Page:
# Systems - Word Problems

Lesson Plans > Mathematics > Algebra > Systems of Equations## Slide Show

*Click to show full screen*

The sum of two numbers is eleven less than four times the smaller number. The difference between the numbers is five more than the smaller number. What is the larger number?

Twenty years ago, Kent was twice as old as Xavier is now. The sum of Kent's age and Xavier's age is 53. How old is each person?

Joni and Edgar go shopping. She buys 3 baseballs and two baseball bats for $75.00. Edgar buys 5 baseballs and three bats for $116. How much does a baseball bat cost?

Toby has both nickels and dimes, worth a total of $3.90. He has a total of 45 coins in all. How many of each does he have?

## Lesson Plan/Article

## Systems - Word Problems

In a previous lesson, students solved systems of equations in which one equation was already solved for one variable, making it very easy to solve using the substitution method. The problems in this lesson require a little more work; most of these problems students will have to rearrange terms to do either addition/subtraction method or substitution method.

**Age at Different Times**: This problem requires students to think about comparing an age that someone was in the past, with the age someone else is in the present. This can be a tricky concept for some students to wrap their brains around. I find it helpful to make them assign a separate variable for Kent's age 20 years ago (something like Z = Kent's age 20 years ago). It's true that they'll almost immediately write Z = K - 20, but for some students it's easier to have that extra variable to later substitute out.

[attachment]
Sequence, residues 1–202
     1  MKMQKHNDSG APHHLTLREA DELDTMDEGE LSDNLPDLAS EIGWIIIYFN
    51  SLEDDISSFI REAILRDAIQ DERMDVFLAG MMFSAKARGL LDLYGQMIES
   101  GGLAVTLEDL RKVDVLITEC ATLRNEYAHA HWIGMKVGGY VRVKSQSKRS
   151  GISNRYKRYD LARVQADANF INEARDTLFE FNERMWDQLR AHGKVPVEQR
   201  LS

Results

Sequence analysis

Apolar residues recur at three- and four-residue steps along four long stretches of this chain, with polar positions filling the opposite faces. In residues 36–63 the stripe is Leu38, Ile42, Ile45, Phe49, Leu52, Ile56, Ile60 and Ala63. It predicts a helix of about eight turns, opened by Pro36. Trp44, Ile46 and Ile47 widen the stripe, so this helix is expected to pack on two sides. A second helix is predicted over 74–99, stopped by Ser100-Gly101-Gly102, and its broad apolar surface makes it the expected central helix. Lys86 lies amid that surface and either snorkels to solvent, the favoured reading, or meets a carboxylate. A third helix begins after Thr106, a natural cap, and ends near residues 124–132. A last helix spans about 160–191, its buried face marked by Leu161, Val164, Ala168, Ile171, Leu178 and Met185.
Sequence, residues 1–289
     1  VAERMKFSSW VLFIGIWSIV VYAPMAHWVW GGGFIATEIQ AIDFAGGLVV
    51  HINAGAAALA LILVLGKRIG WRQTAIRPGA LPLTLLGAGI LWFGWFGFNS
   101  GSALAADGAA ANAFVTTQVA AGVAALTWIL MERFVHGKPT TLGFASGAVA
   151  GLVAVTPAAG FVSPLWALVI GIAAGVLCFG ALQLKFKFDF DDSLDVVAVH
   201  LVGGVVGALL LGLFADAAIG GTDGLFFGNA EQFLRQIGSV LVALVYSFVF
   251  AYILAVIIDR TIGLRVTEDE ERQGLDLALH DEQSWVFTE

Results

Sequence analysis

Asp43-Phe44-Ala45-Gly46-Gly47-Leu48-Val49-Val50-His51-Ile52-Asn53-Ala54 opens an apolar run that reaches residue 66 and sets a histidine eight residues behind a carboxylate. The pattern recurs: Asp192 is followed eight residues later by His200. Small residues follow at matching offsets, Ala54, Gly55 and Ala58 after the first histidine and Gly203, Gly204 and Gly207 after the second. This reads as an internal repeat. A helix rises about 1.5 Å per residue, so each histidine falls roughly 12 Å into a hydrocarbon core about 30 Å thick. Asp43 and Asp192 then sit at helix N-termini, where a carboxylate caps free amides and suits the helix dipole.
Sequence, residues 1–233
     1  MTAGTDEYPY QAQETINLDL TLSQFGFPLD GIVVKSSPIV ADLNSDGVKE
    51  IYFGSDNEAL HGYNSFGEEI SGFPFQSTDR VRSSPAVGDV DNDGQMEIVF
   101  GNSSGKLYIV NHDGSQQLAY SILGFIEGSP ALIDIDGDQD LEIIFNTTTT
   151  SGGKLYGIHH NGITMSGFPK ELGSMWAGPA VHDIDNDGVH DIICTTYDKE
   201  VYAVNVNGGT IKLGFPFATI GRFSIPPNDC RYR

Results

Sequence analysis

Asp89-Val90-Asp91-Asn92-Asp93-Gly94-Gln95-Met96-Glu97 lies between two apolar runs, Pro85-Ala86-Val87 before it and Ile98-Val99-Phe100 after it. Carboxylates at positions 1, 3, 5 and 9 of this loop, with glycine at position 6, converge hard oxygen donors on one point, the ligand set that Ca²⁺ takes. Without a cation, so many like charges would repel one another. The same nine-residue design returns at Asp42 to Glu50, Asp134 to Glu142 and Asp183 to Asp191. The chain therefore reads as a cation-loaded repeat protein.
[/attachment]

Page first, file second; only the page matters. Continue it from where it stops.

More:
**Collection of Coins**: A very standard type of problem in which students have to deal with both the number of coins and the value of coins. Again, it may be helpful to have separate variables for value of each. For example: n = the number of nickels, and N = the value of the nickels. Then they'll have an equation: N = 0.05N. If the problem is done in cents instead of dollars, the decimals can be avoided.

**Worksheet:** The following may be helpful to point out when students are working on the worksheet

- In #3, "Thirty-five years ago, Red was twice as old as Uri." Should be interpreted as "Thirty-five years ago, Red was twice as old as Uri was
," rather than, "Thirty-five years ago, Red was twice as old as Uri*at that time*" If the problem was intended to indicate "today" that would imply two different time frames, and would therefore need to be explicitly stated. Without an explicit statement, we assume both sides of the equation are in the same time frame.**is now**. - In #8, we have an actual amount hiked by hiker #1, an actual amount hiked by hiker #2. In addition, there is a "hypothetical" amount hiked by the second hiker. The hypothetical is indicated by the phrase "would have hiked." Students may wish to assign three variables: A, and B for the hikers' mileages, and H for the hypothetical mileage of the second hiker.